Is -x^2 positive or negative?

So, is -x2 a positive, negative, or undefined quantity for real-valued x?  Ask any physicist or mathematician and they will say that it is a negative number for real valued x making things like: exp(-x2) between 0 and 1.  That is why it came as a BIG surprise to me that computer scientists don’t think that, and a program like Excel will interpret:

=-5^2

as positive 25!  After taking quite a while debugging a student problem calculating the normal distribution in Excel, it got me on a quest (and an argument with a colleague) to figure out who else thought this way.  I checked Matlab, Mathematica, Python, and Google as well as a calculator on the computer.  All interpreted -5^2 (properly) as -25.  To do otherwise, I believe, is perverse for any application that is doing mathematical applications.  I was directed to this page, which outlines many languages.  Pretty much just Excel, COBOL, Chipmunk BASIC and a few small scripting languages take the “unary minus” approach, which makes “unary minus” have precedence over exponentiation.

I am not sure why anyone would consider this a good idea, for working with actual math equations.  Of course one could add parentheses, but which is clearer:

y=exp(-x^2)

or

y=exp(-(x^2))

The second is obviously not ambiguous, but less clear.  Anyway, that is the entire reason why we have order of operations, so we don’t have to do:

5+(3*4)-(2*3)+(2*(3^3))

So, Excel, come into at least the 20th century and figure out that exponentiation trumps “minus”, whatever you want to call it.

 

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About brianblais

I am a professor of Science and Technology at Bryant University in Smithfield, RI, and a research professor in the Institute for Brain and Neural Systems, Brown University. My research is in computational neuroscience and statistics. I teach physics, meteorology, astonomy, theoretical neuroscience, systems dynamics, artificial intelligence and robotics. My book, "Theory of Cortical Plasticity" (World Scientific, 2004), details a theory of learning and memory in the cortex, and presents the consequences and predictions of the theory. I am an avid python enthusiast, and a Bayesian (a la E. T. Jaynes), and love music.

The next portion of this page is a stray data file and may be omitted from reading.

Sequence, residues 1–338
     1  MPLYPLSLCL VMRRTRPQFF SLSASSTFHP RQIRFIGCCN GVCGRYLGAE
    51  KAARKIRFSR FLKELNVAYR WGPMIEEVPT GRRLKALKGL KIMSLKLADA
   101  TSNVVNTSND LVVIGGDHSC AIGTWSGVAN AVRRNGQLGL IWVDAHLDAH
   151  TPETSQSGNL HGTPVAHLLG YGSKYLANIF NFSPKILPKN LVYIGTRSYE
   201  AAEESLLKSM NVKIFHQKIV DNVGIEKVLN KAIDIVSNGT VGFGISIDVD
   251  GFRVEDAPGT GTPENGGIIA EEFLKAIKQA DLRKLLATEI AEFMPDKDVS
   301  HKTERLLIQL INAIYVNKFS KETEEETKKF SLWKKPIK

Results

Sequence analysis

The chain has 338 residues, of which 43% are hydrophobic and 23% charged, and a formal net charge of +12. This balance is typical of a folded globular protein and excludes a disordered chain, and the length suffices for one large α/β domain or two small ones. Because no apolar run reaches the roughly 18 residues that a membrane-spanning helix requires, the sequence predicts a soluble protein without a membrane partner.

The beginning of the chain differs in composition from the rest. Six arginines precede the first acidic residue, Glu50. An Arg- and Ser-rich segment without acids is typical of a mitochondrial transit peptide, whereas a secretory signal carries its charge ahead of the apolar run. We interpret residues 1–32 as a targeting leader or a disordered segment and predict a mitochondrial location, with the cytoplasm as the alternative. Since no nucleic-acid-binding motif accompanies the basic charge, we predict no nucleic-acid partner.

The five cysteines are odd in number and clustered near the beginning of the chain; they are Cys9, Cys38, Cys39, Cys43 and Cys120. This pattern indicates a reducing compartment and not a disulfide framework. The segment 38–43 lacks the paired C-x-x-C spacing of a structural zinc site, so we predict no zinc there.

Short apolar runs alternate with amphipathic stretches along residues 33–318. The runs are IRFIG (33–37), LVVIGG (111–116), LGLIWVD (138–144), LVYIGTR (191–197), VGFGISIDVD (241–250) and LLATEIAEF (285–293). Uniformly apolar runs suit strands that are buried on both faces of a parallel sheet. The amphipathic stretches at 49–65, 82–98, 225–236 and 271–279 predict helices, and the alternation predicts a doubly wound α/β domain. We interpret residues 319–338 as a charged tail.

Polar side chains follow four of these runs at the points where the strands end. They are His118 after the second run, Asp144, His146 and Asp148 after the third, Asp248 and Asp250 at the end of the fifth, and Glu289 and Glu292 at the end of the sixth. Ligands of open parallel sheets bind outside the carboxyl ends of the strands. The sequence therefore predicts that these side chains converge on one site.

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4 Responses to Is -x^2 positive or negative?

  1. scottk says:

    I have to disagree with your generalization that computer scientists say +25. I imagine most of my colleagues would agree that it is -25 🙂

  2. bblais says:

    I love generalizations! Actually, you should ask them. You might be as surprised as I was. I do realize that not all computer scientists have this perspective, but it seems that *only* computer scientists have this perspective which is what I was really trying to say. My CS colleague claimed that mathematicians would agree with her, but a quick test showed that to be incorrect.

    I of course only have anecdotal information on all of these claims, not having done a systematic study.

  3. I must say, I am just loving your blog!!

    I am a “computer scientist” (or at least a “software engineer”), and yeah, I would say that -5 squared is +25. After all, -2 * -3 would be +6, right? So isn’t it true that -5 * -5 = +25? That would seem obvious to me. My Windows calculator agrees, but I suppose it was written by a computer scientist.

    I think I understand the confusion though. It’s in the operator precedence. Does -5^2 mean (-5)^2 or -(5^2)? In computer programming, if you have a value sitting in memory, like -5, and you pass that value to a function that multiplies the value by itself, you are fixing the operator precedence by design. In most computer languages (all that I know of) there is no operator for “to the power of”. One cannot write the statement “x = -5^2”, so that mere operator precendence comes into play. One must write either “x = sqr(-5)” or “x = -sqr(5)”.

  4. brianblais says:

    “I must say, I am just loving your blog!!” thanks!

    “I think I understand the confusion though. It’s in the operator precedence. “.

    Yes, that is it. In computer science that have an operator called “unary minus” which takes precedence over all other things (including exponentiation). Mathematics doesn’t have this. I think the problem then becomes one of implementation, and nearly the only implementation that keeps using unary minus is in spreadsheets. Not sure what the history of it is.

    Although C and Pascal have to exponentiation, Fortran does (**). So does Python, Matlab, R, and Mathematica – and all agree that -5**2 = -25 (or -5^2=-25).

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